Back in June, one of our officers received a call from a member of the public who had noticed a headdress up for auction at a thrift store in Okotoks. It’s not uncommon for Fish and Wildlife Enforcement to receive calls about what appear to be traditional feather headdresses, but in most cases, they’re found to be inauthentic. Officer Marasco was able to confirm that this particular headdress, which was donated anonymously, was made of real golden eagle feathers. Although the headdress looked to be about 100 years old, the feathers and beadwork were largely intact and it was in good condition.
Officer Marasco took possession of the headdress under the authority of the Wildlife Act and got to work tracking down where the item had come from, and who it rightfully belonged to. There was one clue: a note accompanying the headdress indicating it had once been in the family of an individual whose father had been a teacher in the residential school system in an area north of Red Deer in the late 1890-1900’s. This indicated that the headdress could easily be over 100 years old.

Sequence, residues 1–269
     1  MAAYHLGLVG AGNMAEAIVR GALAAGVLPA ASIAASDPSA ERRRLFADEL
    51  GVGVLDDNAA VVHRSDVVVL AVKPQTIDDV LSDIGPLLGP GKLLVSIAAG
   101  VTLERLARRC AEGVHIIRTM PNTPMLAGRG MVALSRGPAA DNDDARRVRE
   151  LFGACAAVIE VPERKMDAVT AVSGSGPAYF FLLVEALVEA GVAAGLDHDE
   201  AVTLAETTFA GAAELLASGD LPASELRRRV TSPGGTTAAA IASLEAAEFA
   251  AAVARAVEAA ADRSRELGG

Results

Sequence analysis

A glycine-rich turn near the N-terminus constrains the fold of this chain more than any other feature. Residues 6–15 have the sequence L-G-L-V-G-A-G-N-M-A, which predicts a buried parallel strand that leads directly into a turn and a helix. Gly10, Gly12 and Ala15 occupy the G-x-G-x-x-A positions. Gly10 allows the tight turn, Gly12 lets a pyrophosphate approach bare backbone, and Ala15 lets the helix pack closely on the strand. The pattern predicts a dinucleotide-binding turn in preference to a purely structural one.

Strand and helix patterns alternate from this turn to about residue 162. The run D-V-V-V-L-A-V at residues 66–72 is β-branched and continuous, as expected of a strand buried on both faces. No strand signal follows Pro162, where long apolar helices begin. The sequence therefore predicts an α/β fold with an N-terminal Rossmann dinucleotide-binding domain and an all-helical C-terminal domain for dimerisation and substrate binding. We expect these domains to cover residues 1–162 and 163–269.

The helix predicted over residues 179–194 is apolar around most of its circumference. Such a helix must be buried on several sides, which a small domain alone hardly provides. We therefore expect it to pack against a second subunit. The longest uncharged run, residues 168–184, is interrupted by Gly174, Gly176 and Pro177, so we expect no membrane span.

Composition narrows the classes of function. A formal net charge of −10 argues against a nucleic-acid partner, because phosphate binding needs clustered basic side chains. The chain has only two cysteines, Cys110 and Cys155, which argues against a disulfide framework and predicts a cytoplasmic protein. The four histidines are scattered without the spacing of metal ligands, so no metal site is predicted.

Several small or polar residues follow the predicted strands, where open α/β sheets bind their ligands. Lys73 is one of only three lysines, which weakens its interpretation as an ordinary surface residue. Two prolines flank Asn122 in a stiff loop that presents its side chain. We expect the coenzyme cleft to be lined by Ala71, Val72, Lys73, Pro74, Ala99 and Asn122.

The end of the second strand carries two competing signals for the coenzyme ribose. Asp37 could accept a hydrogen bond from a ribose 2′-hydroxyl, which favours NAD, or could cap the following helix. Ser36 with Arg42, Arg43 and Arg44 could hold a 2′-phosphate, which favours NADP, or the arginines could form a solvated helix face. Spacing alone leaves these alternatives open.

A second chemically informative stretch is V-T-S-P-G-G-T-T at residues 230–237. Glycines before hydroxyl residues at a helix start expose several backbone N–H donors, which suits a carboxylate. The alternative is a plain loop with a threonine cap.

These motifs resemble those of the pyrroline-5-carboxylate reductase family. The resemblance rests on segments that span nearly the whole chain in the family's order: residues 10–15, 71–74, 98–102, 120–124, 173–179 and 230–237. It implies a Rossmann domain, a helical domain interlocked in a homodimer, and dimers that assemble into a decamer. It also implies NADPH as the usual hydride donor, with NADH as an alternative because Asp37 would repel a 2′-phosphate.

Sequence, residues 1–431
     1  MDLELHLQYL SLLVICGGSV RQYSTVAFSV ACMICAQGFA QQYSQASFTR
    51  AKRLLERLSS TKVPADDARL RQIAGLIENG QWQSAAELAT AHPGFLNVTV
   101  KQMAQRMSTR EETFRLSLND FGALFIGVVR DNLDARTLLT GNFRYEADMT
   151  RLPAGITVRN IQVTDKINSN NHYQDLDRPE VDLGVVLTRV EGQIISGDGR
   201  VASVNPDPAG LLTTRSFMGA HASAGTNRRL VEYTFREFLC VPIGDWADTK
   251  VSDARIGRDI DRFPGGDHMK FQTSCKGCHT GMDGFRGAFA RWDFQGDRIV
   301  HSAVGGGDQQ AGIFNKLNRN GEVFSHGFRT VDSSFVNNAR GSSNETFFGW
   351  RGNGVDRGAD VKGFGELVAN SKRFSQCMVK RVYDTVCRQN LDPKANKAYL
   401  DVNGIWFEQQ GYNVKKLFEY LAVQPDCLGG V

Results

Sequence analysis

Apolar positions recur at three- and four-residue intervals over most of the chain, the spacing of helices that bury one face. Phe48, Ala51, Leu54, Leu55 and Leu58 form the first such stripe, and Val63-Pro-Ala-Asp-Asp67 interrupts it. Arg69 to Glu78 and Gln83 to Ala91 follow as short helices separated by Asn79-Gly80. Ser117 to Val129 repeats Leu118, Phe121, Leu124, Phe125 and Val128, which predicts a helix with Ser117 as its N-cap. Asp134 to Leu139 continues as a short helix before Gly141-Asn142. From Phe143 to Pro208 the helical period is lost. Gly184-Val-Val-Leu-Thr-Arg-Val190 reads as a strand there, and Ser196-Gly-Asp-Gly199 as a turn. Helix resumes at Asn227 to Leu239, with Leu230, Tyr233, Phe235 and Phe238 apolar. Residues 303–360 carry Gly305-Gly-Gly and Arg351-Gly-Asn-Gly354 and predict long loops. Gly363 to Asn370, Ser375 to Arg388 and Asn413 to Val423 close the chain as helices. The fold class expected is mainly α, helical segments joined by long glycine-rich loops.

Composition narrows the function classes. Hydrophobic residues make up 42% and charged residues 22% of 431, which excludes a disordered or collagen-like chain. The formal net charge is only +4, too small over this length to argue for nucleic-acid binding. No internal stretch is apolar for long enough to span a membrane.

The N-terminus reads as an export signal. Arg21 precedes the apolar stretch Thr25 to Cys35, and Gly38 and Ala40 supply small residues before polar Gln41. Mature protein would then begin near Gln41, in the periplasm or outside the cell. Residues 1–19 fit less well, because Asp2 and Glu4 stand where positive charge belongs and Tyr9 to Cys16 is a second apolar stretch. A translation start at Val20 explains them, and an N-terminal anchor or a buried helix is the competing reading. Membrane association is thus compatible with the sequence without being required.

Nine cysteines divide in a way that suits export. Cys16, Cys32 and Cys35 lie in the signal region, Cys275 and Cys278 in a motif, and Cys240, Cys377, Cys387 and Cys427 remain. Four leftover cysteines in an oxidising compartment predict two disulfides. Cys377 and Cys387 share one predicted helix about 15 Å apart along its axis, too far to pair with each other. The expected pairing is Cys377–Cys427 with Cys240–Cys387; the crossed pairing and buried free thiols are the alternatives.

After consulting with experts at the Glenbow Museum in Calgary, who identified the artifact as a ceremonial Blackfoot headdress, Officer Marasco was put in touch with Kent Ayoungman, an active member of the Blackfoot sacred societies, who handles re-appropriated traditional items. Over the following months, Ayoungman will work to restore the headdress to something close to its original condition, so that it can once more fulfill its true purpose and be used in traditional ceremonies.
If you come across a similar item that you’re not sure about, we encourage you call your local fish and wildlife office. Lots of these items can be sold legally, but it’s still best to get in touch as soon as possible. If not dealt with quickly, the item might get sold, and once that happens, it can be very hard to track it down again.